To be honest, it was 5 years ago that I wrote this, I remember that some systems needed it. I don't remember the logic behind it. If you do any additional research on the newer c-states I'd be happy to include it.

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@AndrejKorshikov AndrejKorshikov commented May 4, 2020

It appears that the intel_idle kernel module is also loaded on AMD CPUs (on the AMD Ryzen 5 2400G at least). The default setting on my system was 9 -- does power state Cn correspond directly to kernel module parameter n?

Kernel intel_idle module parameter n is a state number. Cn is a state name. They do correspond to each other, but state numbers are CPU-specific. So the same n means different Cns on different platforms. You can find out the correspondence between intel_idle driver state numbers and state names using, for example, the following command:

grep . /sys/devices/system/cpu/cpu0/cpuidle/state*/name

And here is the output on my laptop (with Intel Core i3-7100U CPU):

/sys/devices/system/cpu/cpu0/cpuidle/state0/name:POLL
/sys/devices/system/cpu/cpu0/cpuidle/state1/name:C1
/sys/devices/system/cpu/cpu0/cpuidle/state2/name:C1E
/sys/devices/system/cpu/cpu0/cpuidle/state3/name:C3
/sys/devices/system/cpu/cpu0/cpuidle/state4/name:C6
/sys/devices/system/cpu/cpu0/cpuidle/state5/name:C7s
/sys/devices/system/cpu/cpu0/cpuidle/state6/name:C8
/sys/devices/system/cpu/cpu0/cpuidle/state7/name:C9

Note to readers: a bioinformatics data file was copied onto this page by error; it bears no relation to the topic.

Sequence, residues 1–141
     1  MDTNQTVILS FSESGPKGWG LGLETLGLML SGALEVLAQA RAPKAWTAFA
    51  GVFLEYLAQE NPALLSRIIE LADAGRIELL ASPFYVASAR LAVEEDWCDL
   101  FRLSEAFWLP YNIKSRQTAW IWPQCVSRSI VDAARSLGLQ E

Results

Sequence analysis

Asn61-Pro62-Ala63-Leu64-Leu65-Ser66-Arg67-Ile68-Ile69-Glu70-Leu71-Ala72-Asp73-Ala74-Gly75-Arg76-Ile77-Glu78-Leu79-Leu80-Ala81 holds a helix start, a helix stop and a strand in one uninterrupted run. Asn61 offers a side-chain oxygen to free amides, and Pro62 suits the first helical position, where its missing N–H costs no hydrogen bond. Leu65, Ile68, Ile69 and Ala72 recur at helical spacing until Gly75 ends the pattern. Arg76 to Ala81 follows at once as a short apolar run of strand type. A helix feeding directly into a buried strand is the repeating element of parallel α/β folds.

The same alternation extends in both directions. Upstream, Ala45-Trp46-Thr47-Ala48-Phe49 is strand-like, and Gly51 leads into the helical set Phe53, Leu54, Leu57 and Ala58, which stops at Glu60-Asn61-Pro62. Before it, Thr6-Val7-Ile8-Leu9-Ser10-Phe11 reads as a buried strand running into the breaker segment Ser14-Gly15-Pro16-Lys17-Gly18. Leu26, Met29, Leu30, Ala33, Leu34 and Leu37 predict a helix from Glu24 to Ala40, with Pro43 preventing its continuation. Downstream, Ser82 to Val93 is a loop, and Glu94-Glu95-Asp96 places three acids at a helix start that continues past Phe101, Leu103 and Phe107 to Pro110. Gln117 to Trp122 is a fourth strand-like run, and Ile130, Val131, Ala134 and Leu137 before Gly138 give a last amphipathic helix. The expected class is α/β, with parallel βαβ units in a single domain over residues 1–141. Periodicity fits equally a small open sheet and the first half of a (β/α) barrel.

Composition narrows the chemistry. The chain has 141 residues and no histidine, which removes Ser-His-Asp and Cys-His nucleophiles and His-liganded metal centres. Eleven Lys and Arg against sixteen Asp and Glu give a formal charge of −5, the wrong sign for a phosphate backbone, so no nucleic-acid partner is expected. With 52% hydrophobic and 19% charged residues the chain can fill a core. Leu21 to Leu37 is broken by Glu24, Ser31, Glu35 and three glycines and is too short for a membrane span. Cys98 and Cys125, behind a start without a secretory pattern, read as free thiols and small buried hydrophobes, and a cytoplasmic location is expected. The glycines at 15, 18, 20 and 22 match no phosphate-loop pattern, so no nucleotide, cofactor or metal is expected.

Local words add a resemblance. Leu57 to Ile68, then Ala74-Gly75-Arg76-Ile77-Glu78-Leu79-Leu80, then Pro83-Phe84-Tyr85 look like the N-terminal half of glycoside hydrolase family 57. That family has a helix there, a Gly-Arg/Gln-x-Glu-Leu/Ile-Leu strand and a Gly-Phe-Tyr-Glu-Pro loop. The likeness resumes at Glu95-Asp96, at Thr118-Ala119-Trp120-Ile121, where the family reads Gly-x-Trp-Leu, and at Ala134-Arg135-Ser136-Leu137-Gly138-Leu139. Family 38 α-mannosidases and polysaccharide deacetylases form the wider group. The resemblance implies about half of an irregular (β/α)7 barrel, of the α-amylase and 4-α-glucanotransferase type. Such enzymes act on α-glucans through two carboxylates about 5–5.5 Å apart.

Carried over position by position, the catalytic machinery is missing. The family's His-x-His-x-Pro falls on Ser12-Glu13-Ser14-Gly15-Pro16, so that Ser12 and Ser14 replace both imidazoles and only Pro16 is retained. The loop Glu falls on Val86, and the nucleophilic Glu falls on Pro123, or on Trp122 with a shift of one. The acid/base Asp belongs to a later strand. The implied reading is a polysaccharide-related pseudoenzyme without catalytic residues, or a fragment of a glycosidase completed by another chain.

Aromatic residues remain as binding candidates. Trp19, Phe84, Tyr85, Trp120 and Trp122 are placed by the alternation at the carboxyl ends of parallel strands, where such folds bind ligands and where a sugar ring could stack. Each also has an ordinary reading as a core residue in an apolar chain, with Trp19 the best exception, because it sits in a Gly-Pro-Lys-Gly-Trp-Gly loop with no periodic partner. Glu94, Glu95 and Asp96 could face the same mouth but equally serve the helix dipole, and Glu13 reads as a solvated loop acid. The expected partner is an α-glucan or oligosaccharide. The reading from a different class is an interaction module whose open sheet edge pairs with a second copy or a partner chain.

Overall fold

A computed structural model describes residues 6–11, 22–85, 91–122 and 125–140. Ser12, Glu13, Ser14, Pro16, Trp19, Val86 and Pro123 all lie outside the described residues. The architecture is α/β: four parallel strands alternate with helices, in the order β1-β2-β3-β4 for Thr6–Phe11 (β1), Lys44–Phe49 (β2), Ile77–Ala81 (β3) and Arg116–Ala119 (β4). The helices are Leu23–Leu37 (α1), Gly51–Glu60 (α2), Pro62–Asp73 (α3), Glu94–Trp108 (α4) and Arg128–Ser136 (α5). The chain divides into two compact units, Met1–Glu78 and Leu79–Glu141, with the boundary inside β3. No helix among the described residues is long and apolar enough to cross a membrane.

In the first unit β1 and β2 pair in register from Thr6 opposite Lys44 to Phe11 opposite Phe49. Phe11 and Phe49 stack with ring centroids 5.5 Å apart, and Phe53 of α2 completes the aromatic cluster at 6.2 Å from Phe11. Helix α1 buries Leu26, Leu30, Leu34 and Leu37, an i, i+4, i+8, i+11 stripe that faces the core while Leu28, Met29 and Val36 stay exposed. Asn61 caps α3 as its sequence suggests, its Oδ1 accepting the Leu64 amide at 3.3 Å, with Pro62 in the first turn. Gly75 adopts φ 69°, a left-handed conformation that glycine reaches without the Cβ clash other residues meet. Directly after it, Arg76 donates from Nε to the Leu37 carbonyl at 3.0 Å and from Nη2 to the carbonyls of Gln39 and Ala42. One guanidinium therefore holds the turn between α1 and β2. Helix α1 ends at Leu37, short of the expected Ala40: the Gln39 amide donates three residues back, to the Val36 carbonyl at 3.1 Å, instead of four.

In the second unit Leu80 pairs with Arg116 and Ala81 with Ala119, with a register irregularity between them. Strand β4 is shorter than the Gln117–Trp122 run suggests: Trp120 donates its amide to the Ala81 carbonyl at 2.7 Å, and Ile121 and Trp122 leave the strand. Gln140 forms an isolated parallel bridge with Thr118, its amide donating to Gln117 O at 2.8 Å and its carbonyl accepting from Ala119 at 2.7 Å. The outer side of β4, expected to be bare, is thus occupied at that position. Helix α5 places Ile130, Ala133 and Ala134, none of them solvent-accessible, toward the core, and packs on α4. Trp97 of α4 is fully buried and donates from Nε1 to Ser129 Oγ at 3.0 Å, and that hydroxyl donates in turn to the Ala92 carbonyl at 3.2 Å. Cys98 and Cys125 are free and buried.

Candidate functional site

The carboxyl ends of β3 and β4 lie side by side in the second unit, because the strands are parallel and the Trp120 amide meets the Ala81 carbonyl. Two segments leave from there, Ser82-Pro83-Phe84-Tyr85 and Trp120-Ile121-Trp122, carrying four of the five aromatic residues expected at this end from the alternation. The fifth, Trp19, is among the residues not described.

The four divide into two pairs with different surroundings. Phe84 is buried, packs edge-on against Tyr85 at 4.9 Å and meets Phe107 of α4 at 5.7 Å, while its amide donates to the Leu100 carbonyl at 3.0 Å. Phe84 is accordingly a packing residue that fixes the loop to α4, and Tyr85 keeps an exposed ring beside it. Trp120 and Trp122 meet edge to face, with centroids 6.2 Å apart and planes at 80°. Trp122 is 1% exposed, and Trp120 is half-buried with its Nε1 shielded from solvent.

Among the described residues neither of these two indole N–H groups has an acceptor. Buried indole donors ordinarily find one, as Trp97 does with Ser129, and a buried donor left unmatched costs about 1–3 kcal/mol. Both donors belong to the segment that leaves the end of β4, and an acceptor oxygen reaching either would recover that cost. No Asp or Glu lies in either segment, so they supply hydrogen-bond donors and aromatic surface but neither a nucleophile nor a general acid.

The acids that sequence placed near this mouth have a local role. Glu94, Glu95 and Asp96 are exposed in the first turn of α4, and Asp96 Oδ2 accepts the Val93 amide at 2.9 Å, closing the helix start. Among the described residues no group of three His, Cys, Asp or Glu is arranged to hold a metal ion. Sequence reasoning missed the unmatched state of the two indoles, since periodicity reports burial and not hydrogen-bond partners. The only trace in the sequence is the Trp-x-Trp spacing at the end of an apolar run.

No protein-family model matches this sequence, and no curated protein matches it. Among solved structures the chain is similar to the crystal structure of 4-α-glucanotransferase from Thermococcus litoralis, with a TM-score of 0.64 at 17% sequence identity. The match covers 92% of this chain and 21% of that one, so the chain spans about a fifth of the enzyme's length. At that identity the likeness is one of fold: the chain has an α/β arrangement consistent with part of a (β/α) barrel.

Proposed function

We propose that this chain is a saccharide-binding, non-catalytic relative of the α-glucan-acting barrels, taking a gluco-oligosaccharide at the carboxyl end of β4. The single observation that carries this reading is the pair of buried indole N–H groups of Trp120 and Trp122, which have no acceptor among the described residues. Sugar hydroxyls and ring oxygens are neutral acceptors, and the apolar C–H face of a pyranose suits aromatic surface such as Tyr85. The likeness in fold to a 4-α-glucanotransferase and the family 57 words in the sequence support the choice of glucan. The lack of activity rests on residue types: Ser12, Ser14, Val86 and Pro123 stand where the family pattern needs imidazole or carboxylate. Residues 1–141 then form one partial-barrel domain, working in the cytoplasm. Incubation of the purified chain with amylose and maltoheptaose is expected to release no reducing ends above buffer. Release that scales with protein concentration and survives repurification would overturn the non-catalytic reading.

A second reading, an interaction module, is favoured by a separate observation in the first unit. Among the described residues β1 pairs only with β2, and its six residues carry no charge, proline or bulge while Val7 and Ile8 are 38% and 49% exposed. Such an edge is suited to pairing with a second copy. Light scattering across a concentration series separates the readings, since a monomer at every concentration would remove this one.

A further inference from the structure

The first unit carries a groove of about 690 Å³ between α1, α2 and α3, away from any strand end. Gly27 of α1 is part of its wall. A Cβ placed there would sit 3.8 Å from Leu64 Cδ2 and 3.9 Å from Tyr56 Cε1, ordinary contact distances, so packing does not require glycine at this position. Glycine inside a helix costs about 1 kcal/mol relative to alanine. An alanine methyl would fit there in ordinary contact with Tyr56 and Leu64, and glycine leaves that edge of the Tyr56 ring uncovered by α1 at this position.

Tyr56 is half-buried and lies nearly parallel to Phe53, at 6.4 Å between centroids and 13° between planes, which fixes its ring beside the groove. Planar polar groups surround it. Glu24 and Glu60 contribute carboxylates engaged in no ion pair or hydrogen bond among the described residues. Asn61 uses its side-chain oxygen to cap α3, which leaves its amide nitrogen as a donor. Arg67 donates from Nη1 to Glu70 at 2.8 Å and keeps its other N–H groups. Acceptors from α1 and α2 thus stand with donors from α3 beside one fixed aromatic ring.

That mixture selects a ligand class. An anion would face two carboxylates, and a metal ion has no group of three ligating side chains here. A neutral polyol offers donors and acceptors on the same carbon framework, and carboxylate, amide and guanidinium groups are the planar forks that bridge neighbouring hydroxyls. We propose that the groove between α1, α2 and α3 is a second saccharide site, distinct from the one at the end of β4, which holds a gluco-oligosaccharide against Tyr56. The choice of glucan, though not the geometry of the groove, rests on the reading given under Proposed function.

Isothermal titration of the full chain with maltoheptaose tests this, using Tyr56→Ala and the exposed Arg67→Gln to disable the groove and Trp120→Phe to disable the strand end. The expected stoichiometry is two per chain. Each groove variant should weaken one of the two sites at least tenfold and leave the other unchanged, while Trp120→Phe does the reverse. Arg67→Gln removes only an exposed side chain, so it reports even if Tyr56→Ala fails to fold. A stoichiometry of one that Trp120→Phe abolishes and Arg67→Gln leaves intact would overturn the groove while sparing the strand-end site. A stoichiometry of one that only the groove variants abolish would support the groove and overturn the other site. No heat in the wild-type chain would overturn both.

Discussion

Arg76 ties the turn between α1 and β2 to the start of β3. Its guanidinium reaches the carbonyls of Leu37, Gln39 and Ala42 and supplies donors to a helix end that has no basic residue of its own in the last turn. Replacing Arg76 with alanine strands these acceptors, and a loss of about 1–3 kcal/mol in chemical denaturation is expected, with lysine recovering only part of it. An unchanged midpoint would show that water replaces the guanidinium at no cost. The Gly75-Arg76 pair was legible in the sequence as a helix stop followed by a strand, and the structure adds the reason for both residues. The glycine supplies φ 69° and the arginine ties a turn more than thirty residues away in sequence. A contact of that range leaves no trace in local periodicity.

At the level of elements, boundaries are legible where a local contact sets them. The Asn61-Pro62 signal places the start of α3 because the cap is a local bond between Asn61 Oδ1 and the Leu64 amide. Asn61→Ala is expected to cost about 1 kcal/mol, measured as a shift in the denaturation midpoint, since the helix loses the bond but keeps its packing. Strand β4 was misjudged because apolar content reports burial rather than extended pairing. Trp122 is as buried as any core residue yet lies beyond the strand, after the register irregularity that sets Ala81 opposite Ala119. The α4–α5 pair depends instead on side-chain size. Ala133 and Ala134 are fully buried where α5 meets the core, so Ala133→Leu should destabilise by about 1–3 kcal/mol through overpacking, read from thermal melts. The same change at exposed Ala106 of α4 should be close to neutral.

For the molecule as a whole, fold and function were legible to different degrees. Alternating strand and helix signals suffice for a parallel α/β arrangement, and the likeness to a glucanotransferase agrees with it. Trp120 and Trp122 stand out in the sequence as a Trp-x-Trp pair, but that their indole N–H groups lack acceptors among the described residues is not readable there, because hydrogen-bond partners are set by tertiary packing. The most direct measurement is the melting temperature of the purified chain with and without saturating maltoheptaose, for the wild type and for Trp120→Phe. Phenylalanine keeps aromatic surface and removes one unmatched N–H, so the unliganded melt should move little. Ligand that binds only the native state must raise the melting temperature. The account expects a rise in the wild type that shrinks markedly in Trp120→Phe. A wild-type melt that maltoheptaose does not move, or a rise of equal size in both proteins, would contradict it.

/sys/devices/system/cpu/cpu0/cpuidle/state8/name:C10

So, as an example, on my platform intel_idle.max_cstate=4 means "Deepest allowed state is C6".

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@AndrejKorshikov AndrejKorshikov commented May 4, 2020

Okay, thanks. So is there a reason you use two different values like this?
processor.max_cstate=1 intel_idle.max_cstate=0

There are two CPU idle drivers: intel_idle (the default one for nowadays) and acpi_idle (the old school).
With intel_idle driver C-state numbers are processor-specific (see my comment above), and the driver ignores BIOS C-states settings.
With acpi_idle driver C-states are defined by ACPI standard and exported by BIOS, and the driver follows BIOS settings.

intel_idle.max_cstate=0 means "Disable intel_idle driver and use acpi_idle instead". So processor.max_cstate=1 is a command to acpi_idle driver, but I'm not sure about its very meaning. I've read that processor.max_cstate=1 and processor.max_cstate=0 are equal, and both disable C-states completely when using acpi_idle driver. And idle=poll is usually added to kernel parameters when processor.max_cstate=1 is used.